She’d just finished when something else tugged at her attention, a thought that for a moment she parsed as a passing distraction, of her mind trying to go elsewhere to block out the intensifying wind, the chill of already being soaked to the bone. Then she blinked and looked sharply down. ‘I can hear Harkon.’

Beckett stiffened. ‘Hear?’

‘Her mind, she’s down there.’ Thawn shoved the chip and tricorder into his hands, then slid on her front towards the edge of the railing, as if looking down would help. The drop was gut-wrenching, but when she narrowed her eyes and focused, she could feel that familiar shape of thought. And the utter terror it was attached to. ‘She’s alive. I can’t sense Forrester. I don’t know Forrester.’

She slid back to join him, and he wordlessly handed her the tricorder, gaze guarded, as they returned to work. What they were doing was technically simple, but this was as far from a workshop as she’d ever tried to do her job.

‘Got it,’ she said after a couple more minutes, and tucked the tricorder away to pull out a fresh tool, crank open the hatch below the control panel. The isolinear chips gleamed at her, and she ran her finger across the row to locate the one which needed replacing. Despite the circumstances, she tucked it into her away jacket, just in case. ‘Give me the chip.’

He did, then returned to the gantry railing. For the moment her attention was on slotting the chip in place, sealing the hatch, rising to study the display, and she grimaced as she realised it would still need properly calibrating.

Then, from behind her, Beckett said, ‘I’m going down there.’

Thawn turned on the spot, eyes wide. ‘You’re what?’

‘The seas are getting rougher and higher; Forrester and Harkon won’t have much time.’

‘What’re you going to do, sling them both over your shoulder and climb back up with them?’

She could see the fear in his eyes, the uncertainty, but he jerked a thumb at the safety line. ‘I can jury-rig something down there. Get the Prydwen to haul us back up.’ He shook his head, and pointed at the panel. ‘You need to work on this.’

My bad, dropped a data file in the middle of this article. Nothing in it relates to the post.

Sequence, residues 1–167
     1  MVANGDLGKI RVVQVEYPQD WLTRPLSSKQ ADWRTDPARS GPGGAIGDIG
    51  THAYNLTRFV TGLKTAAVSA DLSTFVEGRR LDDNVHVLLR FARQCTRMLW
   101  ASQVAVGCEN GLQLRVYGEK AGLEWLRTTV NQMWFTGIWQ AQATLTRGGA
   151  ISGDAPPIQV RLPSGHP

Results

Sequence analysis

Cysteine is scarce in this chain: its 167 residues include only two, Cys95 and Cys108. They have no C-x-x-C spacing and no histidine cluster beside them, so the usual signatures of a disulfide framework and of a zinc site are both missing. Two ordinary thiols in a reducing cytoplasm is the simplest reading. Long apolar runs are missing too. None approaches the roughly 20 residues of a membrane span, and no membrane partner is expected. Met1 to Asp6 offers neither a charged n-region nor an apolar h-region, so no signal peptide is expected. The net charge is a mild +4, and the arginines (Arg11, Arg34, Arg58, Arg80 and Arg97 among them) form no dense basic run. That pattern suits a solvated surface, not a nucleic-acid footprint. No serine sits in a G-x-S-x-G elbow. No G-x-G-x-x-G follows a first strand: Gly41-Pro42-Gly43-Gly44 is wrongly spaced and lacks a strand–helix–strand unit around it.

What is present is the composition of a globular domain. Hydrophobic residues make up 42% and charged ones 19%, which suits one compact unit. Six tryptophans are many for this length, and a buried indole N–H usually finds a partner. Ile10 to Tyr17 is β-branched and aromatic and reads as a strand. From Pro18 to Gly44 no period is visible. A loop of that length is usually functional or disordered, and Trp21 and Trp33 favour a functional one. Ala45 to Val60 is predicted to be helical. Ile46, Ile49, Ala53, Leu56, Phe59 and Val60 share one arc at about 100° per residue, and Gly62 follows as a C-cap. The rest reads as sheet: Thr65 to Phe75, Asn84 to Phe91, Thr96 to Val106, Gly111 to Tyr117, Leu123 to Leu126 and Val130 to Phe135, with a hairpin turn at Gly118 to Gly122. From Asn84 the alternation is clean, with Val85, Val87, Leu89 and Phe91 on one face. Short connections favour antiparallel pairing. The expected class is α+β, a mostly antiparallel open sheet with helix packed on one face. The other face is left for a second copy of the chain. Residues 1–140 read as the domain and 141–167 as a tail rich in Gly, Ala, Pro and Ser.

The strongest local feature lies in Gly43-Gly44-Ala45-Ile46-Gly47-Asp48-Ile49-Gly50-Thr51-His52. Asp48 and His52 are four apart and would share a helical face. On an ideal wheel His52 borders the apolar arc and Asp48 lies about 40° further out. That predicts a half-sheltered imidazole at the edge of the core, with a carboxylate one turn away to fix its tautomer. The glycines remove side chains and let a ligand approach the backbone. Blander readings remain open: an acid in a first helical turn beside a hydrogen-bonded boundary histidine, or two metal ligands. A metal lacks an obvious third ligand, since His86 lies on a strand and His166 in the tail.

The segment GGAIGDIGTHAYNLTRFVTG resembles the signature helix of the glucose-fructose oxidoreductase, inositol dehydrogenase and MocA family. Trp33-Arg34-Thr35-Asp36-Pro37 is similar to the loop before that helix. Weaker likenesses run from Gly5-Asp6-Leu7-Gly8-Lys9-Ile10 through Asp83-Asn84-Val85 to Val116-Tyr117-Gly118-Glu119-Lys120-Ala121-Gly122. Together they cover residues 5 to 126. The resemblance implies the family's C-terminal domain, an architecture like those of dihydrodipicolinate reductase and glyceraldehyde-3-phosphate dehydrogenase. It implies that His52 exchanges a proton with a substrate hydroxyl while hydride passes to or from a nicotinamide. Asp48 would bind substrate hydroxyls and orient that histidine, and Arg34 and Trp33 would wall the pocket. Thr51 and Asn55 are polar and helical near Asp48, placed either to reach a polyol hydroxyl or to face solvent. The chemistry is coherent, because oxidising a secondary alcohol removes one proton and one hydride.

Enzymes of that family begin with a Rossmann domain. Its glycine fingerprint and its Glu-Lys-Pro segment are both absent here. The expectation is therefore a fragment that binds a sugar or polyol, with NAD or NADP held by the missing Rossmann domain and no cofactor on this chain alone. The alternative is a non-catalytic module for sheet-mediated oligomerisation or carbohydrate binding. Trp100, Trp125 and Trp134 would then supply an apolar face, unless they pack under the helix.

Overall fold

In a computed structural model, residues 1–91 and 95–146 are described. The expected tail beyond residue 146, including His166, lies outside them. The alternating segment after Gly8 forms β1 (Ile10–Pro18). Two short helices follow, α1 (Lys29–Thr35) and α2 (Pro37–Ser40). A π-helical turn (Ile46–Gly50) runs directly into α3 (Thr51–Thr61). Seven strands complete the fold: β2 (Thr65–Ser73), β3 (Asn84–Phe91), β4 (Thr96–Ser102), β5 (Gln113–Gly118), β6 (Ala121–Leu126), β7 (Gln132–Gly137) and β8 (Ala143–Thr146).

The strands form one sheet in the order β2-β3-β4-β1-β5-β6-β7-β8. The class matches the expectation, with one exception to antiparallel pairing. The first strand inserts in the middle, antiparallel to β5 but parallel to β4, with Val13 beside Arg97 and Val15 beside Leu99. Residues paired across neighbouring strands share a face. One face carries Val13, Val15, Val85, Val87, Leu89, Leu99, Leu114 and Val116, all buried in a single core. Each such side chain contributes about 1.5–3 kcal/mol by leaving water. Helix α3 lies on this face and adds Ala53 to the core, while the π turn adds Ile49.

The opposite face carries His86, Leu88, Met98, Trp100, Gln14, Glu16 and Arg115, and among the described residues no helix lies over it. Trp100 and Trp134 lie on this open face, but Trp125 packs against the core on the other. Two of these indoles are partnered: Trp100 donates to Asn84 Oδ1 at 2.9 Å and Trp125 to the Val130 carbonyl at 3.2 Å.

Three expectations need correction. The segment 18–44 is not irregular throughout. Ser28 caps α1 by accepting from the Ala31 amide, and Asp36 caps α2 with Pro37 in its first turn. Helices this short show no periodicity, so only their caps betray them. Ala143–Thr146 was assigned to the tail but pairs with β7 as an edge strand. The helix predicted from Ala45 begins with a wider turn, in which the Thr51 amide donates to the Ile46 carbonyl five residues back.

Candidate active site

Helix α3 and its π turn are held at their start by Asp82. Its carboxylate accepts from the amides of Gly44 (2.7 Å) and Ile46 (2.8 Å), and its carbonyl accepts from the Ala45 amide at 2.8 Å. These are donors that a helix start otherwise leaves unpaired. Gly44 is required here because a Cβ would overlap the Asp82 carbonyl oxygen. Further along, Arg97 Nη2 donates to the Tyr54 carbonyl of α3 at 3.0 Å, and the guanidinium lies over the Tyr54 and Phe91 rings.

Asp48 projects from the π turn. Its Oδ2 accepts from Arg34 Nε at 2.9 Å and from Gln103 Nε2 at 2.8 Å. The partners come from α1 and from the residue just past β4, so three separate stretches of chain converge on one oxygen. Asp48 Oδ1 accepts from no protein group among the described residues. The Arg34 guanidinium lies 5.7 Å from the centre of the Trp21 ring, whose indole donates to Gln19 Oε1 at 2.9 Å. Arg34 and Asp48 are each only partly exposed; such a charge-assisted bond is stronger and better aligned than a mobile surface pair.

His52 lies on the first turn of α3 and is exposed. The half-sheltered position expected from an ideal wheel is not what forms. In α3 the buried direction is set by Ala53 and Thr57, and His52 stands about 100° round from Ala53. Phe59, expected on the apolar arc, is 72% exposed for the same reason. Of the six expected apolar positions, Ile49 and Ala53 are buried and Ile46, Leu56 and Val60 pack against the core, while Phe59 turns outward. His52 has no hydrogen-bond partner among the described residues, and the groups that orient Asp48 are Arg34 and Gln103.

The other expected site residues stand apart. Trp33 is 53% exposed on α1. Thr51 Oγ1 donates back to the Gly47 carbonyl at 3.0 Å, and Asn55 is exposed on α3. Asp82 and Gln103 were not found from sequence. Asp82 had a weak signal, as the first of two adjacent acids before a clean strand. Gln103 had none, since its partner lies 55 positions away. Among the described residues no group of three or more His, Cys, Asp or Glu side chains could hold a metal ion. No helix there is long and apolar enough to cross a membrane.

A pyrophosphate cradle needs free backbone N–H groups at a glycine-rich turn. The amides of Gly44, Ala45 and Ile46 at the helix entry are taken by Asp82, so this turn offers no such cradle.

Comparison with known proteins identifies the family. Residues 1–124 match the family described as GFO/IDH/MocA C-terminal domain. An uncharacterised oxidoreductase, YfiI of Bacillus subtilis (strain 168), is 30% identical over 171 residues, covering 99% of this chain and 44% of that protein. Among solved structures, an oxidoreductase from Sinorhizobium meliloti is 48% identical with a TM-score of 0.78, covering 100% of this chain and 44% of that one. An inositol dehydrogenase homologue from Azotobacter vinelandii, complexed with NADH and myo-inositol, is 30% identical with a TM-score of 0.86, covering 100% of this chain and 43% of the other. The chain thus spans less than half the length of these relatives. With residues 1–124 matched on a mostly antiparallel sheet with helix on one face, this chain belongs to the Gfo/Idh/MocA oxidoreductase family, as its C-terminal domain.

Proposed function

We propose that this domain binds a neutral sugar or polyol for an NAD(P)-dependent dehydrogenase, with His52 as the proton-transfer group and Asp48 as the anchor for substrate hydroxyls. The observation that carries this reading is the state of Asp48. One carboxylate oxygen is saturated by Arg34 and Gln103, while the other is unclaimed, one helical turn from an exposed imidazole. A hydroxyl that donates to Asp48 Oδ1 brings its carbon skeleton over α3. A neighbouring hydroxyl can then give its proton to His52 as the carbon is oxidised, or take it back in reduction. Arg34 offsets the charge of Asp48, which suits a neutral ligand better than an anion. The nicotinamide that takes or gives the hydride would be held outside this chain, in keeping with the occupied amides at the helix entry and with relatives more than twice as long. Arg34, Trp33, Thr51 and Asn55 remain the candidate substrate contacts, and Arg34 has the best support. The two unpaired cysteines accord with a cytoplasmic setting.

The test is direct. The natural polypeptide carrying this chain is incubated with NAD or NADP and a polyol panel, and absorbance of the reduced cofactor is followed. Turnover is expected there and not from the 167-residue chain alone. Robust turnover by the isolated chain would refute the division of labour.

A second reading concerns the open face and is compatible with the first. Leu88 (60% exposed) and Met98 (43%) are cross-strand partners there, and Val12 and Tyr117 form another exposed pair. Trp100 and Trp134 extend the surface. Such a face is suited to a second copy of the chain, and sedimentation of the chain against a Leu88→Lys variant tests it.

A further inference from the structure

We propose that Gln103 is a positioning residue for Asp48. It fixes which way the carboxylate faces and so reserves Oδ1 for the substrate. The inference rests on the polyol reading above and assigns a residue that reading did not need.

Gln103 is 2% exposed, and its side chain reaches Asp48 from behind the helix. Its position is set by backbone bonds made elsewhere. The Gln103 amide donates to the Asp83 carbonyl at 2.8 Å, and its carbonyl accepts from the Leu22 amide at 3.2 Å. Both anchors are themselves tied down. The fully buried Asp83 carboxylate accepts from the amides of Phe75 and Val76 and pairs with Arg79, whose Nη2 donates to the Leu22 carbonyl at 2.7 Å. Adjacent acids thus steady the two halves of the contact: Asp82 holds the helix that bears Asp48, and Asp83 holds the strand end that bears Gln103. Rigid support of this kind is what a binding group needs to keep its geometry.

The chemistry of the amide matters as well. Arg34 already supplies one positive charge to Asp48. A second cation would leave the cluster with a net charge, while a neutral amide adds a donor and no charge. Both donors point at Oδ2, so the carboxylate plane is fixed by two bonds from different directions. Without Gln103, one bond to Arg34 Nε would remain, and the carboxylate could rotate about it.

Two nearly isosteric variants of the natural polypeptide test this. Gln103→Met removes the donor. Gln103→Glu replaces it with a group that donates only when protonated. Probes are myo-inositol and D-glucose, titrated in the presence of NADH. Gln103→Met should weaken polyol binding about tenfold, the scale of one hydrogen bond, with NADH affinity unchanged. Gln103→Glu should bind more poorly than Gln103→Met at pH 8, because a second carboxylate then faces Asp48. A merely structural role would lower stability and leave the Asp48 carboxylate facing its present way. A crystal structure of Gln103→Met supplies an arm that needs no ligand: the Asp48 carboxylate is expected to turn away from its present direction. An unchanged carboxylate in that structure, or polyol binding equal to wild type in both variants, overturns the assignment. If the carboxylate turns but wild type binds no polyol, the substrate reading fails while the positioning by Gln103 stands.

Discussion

She scowled, knowing he was right on that last count at least, and turned back to crack on with the calibrations. The sky churned overhead, lightning flashed at a distance, and soon, too soon after, came the roll of thunder. She was drenched to the bone, her fingers nearly frozen solid, and the rain on the display didn’t make it easy to read.

So when Beckett landed back on the gantry with a clatter, she hadn’t realised he’d even returned to the Prydwen. But when he straightened he was strapping a medkit to his harness, and she still glared at him even as she worked. ‘This is crazy, Beckett; you’re going to need saving yourself if you go down there.’

‘You don’t need me, you got this.’

‘Maybe, but – you’re the guy who froze up on Jhorkesh, and now you want to go play hero down there?’ For once, she didn’t sound condemning. She’d had her own battle with fear in the face of violence, and now that fear bound them, rather than divided them.

He hesitated, and she looked up to meet his gaze as he said, simply, ‘Yeah, but this is different. That was about taking lives. Now I’ve got to save them.’

Beckett!’

He took a step back, to the edge of the space between the gantry and the Prydwen. ‘Hey, fix this soon enough and you can come pick me up down there.’

‘Wait!’ She hurried over and grabbed his tricorder from his belt. A few quick commands was all it took before she popped it back. ‘I’ve synchronised it with mine. It should provide a boost to comms.’

Beckett gave a crooked smile. ‘See? I said you were a rock star at your job. Now finish saving this damned planet.’ Then he swung off the gantry, using the safety line hanging from the hatch of the Prydwen to rappel down, down towards the lower reaches of the isle, and within seconds he disappeared into the roiling mass of sea and rain and wind.

Thawn was swearing all the time as she staggered back to the panel. Recalibration was almost complete, and from there she could re-activate the whole network – but then she’d have to confirm alignment of each pylon in a final stage before the weather control matrix could start to do its job and shield Whixby from the storm. Underfoot, the gantry rattled at the latest gust of wind.